Pizza Press rides black-and-white wave
Pizza Press has “kitschy” newspaper wallpaper and throwback decor.
Living in the resort hinterlands surrounding Disneyland, Dara Maleki felt a lot of the local restaurants served up poor service and lackluster food with prices seemingly aimed at fleecing the throngs of tourists that flock to Anaheim, California. Even with no experience in the restaurant business, he felt he could do better, so he dreamt up a concept that could appease tourist-weary locals as well as mouse-eared visitors.
He chose a 1920s theme that harkens back to a simpler time in American history and serves as a counterweight to the general public’s chronic device addiction. More directly, the name is a play off the dough press used to make its pizzas.
“Why not have the 1920s newsboy theme with the employees in paperboy caps and aprons and kitschy newspaper wallpaper on the wall and some really cool throwback industrial chic decor,” Maleki said of the concept. “It just really fit.”
After the first Pizza Press opened in late 2012, the concept quickly found its footing with three open units and nine in production as of year-end 2015. The company’s goal is to have 12 stores total open by the middle of July, two of which are slated to be company-owned units.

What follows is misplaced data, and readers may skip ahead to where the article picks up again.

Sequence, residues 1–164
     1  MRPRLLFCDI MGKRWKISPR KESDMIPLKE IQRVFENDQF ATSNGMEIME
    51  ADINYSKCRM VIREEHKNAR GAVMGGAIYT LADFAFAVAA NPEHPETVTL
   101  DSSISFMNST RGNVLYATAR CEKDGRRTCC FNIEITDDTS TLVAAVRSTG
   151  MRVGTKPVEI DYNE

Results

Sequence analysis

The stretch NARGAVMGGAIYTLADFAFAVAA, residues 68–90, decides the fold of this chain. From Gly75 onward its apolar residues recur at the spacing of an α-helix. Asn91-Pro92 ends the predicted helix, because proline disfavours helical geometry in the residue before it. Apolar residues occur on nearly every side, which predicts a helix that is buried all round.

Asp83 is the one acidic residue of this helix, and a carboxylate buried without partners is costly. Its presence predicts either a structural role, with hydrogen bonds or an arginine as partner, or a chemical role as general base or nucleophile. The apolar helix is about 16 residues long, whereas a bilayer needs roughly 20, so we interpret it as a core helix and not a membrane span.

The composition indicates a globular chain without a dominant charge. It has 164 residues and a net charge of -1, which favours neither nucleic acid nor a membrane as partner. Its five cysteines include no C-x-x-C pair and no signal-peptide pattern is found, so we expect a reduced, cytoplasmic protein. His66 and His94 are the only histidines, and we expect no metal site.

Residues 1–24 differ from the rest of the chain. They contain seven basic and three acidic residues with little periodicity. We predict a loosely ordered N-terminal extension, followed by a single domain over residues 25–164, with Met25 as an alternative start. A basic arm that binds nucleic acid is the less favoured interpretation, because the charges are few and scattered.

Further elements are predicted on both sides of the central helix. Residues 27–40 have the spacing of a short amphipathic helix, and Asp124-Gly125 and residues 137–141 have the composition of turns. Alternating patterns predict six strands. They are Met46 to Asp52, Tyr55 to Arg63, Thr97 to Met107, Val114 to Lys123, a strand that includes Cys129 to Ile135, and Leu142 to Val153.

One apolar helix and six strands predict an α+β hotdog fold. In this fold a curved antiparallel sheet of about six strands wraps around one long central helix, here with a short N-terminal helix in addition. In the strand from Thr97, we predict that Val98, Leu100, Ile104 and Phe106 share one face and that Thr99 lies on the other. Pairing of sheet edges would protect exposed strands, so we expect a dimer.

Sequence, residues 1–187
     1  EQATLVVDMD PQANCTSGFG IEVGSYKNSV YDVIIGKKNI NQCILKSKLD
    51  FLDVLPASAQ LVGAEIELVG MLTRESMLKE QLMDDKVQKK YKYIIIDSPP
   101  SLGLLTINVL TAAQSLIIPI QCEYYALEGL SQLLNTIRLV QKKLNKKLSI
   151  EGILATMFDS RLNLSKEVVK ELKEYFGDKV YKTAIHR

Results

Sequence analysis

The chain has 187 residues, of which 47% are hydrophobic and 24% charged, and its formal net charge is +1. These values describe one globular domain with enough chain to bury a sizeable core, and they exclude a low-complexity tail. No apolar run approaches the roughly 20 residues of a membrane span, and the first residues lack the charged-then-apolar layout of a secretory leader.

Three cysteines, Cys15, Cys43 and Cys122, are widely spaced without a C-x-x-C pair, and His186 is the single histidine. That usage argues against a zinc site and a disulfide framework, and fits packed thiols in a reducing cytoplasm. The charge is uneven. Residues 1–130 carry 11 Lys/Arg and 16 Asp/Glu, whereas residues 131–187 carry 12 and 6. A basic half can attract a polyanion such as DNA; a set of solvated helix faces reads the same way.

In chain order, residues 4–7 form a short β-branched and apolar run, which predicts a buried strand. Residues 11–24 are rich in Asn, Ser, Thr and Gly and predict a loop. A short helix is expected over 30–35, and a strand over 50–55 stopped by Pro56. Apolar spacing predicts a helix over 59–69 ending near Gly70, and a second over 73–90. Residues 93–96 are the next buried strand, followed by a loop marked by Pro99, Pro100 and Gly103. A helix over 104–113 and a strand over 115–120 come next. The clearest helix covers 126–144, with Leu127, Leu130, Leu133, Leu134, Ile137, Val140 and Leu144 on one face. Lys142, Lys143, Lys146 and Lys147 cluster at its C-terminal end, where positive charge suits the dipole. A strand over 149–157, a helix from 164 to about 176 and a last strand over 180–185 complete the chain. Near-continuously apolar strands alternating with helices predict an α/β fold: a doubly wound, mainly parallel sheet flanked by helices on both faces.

Franchising is planned to be The Pizza Press’ avenue for growth, but it wasn’t originally in the cards until the staff started fielding questions from locals and out-of-towners asking about the brand’s expansion plans.
In its restaurants, past meets the present through a black-and-white color scheme, Edison light bulbs, brass and brown accents and also what Maleki calls “a little bit of Restoration Hardware flair.”
As the company builds its staff and expands its turf, he added his biggest challenge is keeping the team focused on his go-go plans for further growth.
“The key here...is being original.” — Dara Maleki,
“I find myself in full-blown repeat mode every day, constantly pushing my vision and the values of the company,” he said. “It is 100 percent necessary and can’t get lost no matter how big you grow.”
Maleki sees The Pizza Press fitting in a variety of locations, including non-traditional places like airports, stadiums and theme parks.
The company has a dedicated brewery relationship manager—undoubtedly the happiest person on staff—who is always on the hunt for new beer brands to add to its rotating taps. Alcohol sales average 15 to 20 percent of per-store revenue. Acknowledging that pizza is becoming an ever-more crowded space, he hopes the brand’s craft beer selection, chef-driven menu and uncommon branding will be enough to separate The Pizza Press from the maelstrom of similar concepts.
“Competition inspires growth—it’s nothing different than the tech world,” he said. “The key here with all the brands coming to the table is being original, having your identity, and I think that’s something we’ve achieved.”
In other words, Maleki hopes to feel the power of the press.